Globally, the most attack traffic was seen coming out of IP addresses assigned in Russia (see Figure 1). However, we cannot assign attribution on this traffic because we only have the geolocation of the IP address. We’ve seen a large increase in traffic coming out of Russia and Moldova related to the port 5900 targeting we saw starting in the summer of 2019, which we are still actively investigating. Italy, Singapore, the United States, and the Netherlands round out the top five for sources of global attack traffic. The full top 10 source traffic countries attacked all regions of the world. Moldova is a relative newcomer to this list, again due to the global RFB/VNC port 5900 attack campaign.
The threat landscape in the United States differed from other regions in that the largest amount of normalized traffic originated from source IP addresses based in Russia. When looking at normalized numbers, which, among other factors, accounted for differing numbers of sensors in-region, the U.S. threat landscape saw more traffic from the Russian IP address space than we even saw inside Russia. Three of the top four attacking IP addresses were assigned to the Russian IP address space and together accounted for 72 percent of all traffic coming from Russian IP addresses toward U.S. systems. These IP addresses were each focused on specific attacks, one on SMB port 445, one on RFB/VNC port 5900, and one on a number of ports focused on web application protocols.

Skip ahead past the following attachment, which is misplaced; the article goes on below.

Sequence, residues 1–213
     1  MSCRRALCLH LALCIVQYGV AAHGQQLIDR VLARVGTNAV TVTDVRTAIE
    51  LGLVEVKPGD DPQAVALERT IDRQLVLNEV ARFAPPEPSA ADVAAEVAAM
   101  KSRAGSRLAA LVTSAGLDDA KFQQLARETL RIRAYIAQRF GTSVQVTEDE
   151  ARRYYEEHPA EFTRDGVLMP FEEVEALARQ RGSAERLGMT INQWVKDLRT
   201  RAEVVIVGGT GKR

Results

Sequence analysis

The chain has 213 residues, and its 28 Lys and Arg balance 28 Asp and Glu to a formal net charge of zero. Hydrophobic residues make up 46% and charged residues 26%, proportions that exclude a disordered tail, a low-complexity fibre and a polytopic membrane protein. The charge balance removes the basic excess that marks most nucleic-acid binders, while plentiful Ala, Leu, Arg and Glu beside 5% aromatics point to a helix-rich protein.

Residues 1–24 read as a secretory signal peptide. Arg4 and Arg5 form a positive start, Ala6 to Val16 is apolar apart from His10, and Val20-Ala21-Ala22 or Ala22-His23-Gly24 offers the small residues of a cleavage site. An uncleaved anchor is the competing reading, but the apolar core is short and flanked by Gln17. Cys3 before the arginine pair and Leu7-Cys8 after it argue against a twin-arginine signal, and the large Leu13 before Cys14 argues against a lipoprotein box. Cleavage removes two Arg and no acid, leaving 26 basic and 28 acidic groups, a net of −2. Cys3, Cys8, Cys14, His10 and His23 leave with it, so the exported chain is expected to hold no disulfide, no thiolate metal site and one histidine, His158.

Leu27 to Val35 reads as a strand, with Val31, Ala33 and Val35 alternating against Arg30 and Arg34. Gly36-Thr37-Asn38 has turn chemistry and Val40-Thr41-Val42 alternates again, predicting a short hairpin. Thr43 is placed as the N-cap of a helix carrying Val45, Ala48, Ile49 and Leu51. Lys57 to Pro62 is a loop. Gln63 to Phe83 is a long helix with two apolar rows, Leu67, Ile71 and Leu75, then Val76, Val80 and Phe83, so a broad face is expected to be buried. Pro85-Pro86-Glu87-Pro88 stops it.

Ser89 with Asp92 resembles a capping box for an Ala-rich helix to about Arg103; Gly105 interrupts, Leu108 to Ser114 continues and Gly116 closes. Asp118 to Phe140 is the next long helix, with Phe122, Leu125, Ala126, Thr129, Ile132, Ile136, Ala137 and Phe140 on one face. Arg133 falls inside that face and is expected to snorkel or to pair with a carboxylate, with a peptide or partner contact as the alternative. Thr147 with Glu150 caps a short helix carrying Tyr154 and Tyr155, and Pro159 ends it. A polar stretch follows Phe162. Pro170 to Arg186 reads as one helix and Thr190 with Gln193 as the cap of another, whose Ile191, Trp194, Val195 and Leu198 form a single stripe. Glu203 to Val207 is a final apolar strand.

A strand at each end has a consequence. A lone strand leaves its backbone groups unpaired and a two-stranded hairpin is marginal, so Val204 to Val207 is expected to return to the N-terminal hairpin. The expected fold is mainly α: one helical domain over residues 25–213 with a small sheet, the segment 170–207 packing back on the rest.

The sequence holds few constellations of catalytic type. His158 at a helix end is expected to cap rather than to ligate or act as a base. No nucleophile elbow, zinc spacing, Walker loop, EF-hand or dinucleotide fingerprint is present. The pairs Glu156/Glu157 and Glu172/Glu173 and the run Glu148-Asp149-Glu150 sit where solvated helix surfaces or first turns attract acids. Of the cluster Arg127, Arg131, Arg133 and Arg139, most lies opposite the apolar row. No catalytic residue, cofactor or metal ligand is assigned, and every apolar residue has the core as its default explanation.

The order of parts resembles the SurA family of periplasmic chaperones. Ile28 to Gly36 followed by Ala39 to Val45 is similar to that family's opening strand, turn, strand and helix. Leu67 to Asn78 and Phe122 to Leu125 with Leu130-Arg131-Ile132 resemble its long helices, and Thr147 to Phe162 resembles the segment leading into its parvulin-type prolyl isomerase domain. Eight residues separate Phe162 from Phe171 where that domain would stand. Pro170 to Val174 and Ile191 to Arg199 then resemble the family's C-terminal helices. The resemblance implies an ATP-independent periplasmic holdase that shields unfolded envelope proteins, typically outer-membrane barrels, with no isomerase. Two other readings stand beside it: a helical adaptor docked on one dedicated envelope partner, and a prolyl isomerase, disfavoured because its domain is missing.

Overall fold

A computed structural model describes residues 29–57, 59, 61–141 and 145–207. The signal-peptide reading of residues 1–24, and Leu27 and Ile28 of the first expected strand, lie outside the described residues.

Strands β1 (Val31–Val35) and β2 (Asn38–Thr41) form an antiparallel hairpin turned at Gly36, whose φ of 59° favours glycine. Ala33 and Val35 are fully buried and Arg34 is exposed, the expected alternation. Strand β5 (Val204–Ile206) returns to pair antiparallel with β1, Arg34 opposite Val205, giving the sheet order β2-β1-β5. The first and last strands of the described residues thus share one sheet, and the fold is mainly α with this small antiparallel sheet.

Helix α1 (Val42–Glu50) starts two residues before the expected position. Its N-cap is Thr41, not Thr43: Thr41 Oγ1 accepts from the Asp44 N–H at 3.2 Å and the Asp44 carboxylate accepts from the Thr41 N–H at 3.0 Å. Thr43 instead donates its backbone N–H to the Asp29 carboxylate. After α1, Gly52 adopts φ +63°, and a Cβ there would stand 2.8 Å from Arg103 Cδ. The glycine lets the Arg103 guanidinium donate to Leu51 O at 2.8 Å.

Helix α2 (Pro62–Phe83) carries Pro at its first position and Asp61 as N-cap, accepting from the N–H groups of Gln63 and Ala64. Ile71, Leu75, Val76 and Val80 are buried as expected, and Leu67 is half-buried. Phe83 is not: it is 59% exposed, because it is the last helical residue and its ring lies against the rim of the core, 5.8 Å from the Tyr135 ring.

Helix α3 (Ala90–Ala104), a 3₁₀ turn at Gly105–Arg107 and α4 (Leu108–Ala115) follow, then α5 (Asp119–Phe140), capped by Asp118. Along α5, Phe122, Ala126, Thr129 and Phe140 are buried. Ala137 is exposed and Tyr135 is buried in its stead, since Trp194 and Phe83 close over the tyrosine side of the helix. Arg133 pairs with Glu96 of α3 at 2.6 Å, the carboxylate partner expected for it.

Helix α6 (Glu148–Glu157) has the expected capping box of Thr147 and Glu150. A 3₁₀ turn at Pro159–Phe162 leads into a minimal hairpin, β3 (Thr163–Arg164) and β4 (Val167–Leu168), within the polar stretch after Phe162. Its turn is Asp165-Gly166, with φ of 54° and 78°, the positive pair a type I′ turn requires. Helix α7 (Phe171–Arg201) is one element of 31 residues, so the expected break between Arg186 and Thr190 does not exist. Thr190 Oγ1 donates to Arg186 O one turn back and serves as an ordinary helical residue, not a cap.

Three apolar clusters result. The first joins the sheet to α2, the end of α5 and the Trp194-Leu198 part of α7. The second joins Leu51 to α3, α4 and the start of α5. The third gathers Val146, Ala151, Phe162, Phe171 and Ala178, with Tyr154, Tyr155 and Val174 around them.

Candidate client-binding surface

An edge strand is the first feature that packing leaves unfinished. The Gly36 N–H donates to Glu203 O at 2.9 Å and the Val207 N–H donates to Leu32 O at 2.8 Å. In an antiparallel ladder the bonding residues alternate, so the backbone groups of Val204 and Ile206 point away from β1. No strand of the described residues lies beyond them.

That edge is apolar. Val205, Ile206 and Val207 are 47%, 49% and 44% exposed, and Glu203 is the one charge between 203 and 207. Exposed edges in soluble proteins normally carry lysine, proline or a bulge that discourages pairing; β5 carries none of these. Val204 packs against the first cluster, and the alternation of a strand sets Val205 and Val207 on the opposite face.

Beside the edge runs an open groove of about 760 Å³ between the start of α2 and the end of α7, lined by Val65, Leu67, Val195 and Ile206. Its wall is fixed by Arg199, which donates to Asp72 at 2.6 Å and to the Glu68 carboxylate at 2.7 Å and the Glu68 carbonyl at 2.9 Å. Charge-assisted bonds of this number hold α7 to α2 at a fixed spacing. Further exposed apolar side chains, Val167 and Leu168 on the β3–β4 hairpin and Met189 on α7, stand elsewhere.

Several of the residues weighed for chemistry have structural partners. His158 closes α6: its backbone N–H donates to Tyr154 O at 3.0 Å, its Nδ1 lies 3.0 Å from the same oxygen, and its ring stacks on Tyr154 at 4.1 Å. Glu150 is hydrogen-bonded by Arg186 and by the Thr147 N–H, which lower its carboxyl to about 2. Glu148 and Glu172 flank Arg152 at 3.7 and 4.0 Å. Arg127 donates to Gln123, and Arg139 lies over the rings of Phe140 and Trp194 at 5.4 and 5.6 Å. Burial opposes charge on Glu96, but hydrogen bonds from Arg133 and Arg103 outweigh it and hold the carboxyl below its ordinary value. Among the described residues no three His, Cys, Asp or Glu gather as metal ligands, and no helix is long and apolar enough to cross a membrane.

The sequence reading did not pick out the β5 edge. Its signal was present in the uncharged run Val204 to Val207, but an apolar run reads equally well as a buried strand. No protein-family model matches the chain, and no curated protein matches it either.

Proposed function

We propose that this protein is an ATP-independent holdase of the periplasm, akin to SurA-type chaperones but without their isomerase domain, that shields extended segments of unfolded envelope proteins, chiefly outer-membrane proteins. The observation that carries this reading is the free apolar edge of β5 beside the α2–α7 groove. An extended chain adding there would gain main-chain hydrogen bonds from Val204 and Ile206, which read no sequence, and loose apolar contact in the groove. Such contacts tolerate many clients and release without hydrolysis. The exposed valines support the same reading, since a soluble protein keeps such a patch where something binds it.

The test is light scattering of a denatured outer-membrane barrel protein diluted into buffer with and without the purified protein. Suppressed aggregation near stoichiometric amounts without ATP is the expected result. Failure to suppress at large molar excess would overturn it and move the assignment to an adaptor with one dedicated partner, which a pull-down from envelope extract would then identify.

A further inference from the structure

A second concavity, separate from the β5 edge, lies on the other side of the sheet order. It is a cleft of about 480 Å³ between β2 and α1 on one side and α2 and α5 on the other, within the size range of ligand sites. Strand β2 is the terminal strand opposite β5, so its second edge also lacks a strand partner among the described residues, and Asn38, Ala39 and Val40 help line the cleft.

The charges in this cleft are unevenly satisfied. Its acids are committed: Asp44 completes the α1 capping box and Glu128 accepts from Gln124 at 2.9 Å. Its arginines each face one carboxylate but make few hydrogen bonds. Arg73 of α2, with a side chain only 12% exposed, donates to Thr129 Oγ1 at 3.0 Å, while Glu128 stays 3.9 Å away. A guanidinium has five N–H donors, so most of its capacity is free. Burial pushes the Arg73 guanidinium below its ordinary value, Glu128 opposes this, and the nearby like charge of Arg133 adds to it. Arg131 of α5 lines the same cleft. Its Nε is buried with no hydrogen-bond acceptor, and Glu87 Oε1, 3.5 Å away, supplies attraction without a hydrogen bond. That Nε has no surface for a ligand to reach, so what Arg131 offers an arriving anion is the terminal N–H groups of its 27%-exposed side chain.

The United States in second position is also notable. We cannot attribute this attack traffic to malicious actors inside the United States due to proxy and VPN usage, but the data shows that malicious actors know being closer to their target gives them a better chance of landing an attack. The amount of in-region attack traffic poses a challenge to defenders. This type of traffic can be more difficult for enterprises to filter out, as it requires behavioral detection versus geographical IP address blocking, assuming that businesses want to remain accessible to customers within their region. The rest of the top ten source traffic countries were all seen attacking most other regions around the world.
Top Attacking Organizations (ASNs)
Web services provider Hostkey B.v. accounted for a large portion of the attack traffic destined for systems in the United States between October 1, 2019, and December 31, 2019. Hostkey B.v. is in this position because it hosts the top three Russian IP addresses attacking U.S. systems. These IP addresses launched abusive port scanning attacks along with specifically targeting web application protocols.